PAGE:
A Cree man in Winnipeg will once again ride his “NDN CAR.”
Bruce Spence had his personalized license plate returned to him Thursday morning – following months of negotiating with Manitoba Public Insurance (MPI).
“I was surprised when I realized MPI was serious about taking the plates away. I’m even more surprised that they decided to give it back without a fight,” Spence said after MPI returned the plates.
“NDN CAR” vanity plate about seven years ago from MPI, the Crown corporation in Manitoba that issues license plates among other things.
In February, Spence received a letter from the Crown corporation’s Licensing Services Department stating the plate was “prohibited, as per our guidelines,” because it had been “identified as a phrase or innuendo that may be considered offensive.”
Spence, who is a producer at APTN News, was instructed to “surrender” the plate.
The vanity plate is a nod to the popular folk rock tune Indian Cars by Keith Secola and the Wild Band of Indians.
“I didn’t know how it could be offensive,” Spence said at the time. “Everybody in Indian Country knows that song.”
After coming forward with his case, Spence was contacted by the Justice Centre for Constitutional Freedoms (JCFF), a Calgary-based legal advocacy organization specializing in Canadian constitutional law, who offered to represent him at no cost.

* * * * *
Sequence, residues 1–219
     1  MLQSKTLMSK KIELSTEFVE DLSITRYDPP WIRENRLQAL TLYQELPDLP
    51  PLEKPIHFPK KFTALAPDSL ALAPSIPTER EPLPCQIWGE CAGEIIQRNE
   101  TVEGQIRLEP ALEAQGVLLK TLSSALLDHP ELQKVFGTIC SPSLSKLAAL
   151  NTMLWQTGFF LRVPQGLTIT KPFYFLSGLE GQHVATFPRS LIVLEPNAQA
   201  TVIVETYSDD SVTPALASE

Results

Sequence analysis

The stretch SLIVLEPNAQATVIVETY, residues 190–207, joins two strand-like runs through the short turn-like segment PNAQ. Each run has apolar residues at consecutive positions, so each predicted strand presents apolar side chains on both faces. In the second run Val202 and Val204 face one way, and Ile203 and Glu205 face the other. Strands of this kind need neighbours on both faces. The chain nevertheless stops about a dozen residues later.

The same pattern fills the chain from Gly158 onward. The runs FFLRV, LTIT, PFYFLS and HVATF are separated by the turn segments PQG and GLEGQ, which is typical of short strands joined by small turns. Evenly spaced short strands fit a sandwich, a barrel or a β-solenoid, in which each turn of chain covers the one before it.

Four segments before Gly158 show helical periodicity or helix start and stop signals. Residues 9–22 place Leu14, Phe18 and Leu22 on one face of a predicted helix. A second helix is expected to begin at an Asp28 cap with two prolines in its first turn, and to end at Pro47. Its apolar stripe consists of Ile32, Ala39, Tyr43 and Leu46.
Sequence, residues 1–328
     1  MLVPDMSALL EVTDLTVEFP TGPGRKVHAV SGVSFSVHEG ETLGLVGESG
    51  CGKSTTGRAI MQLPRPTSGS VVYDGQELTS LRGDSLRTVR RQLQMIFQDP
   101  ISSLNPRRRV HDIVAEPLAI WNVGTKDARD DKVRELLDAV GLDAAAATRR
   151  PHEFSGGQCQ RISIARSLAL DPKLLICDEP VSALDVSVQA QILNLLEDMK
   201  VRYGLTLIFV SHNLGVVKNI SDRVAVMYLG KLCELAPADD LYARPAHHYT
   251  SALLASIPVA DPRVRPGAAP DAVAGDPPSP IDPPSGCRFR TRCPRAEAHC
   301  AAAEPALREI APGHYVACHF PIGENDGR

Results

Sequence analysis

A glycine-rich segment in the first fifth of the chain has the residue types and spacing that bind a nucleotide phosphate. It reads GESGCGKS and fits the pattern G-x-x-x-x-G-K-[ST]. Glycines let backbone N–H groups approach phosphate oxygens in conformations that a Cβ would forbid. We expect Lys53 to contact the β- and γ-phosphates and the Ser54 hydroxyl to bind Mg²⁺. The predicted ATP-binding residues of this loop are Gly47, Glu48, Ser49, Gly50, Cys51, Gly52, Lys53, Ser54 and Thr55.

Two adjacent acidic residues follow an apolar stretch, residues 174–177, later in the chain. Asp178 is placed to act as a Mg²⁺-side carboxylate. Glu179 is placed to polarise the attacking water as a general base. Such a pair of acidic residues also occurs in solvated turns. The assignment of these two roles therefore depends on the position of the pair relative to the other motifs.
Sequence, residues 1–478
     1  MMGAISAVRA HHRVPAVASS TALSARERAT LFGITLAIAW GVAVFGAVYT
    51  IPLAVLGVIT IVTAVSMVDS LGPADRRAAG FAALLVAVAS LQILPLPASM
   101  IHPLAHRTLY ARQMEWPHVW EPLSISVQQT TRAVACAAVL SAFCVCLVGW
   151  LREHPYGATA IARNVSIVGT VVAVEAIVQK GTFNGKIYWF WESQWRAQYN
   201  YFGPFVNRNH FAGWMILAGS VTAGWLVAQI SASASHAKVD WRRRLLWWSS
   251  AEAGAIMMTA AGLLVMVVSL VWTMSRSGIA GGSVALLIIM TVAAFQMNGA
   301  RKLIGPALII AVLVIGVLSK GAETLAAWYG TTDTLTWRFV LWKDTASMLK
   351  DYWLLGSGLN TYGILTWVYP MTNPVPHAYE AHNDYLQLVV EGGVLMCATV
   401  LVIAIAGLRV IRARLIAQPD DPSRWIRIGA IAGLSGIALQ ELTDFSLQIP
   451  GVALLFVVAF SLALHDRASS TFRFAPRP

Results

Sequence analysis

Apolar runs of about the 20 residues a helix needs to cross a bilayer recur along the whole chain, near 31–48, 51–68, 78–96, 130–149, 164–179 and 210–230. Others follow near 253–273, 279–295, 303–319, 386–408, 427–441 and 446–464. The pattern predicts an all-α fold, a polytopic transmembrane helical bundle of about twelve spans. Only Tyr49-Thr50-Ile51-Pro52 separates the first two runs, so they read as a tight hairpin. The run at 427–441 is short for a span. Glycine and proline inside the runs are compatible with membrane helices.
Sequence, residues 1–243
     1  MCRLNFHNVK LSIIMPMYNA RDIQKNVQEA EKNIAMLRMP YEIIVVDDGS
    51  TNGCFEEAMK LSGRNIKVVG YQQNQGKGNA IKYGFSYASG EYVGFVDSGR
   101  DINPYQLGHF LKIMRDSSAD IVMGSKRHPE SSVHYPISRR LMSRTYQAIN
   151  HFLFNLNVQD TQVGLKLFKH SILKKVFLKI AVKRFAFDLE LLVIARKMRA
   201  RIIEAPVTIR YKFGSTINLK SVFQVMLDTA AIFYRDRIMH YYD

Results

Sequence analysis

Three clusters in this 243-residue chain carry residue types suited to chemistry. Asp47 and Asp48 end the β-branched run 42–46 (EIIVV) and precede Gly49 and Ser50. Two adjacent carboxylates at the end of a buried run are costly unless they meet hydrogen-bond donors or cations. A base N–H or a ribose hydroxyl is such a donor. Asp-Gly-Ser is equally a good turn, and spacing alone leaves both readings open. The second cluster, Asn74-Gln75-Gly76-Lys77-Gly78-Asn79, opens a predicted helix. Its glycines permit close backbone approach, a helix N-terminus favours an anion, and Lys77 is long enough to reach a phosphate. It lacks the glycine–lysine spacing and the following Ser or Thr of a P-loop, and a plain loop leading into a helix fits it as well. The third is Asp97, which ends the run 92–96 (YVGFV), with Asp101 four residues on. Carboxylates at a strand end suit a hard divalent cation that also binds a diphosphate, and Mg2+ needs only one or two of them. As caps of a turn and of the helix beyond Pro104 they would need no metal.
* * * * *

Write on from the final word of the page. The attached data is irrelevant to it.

Spence with the help from JCCF challenged the decision before the courts citing MPI’s decision to revoke the plate violated his freedom of expression as protected by section 2(b) of the Canadian Charter of Rights and Freedoms, the JCCF said in a statement released Thursday morning.
“As a government body, MPI is precluded from violating the freedom of expression rights of vehicle owners who chose, in response to MPI’s invitation to do so, to express themselves on personalized license plates,” said James Kitchen, a lawyer with the JCCF.
“It cannot revoke personalized plates simply to avoid controversy or to appease someone who has complained because they feel offended by a particular personalized plate.”
MPI previously said they received a complaint about the plate and followed policy to determine if it was offensive.
“The registered owner provided us with additional information and explanation as to the importance and the meaning of the plate to him and gave us some additional background. We also reached out to the Truth and Reconciliation Commission regarding the word ‘Indian,’” MPI spokesperson Brian Smiley told APTN Thursday.
“Taking all that information into account it was determined that the plate could be returned back to the registered owner. We wanted to get this right and it took some time but due diligence often takes some time.”
Kitchen called the decision a “victory” for freedom of expression in Canada.
This is a sentiment Spence agrees with: “This was a free speech issue. In the end, the right to say reasonable things in public won out.”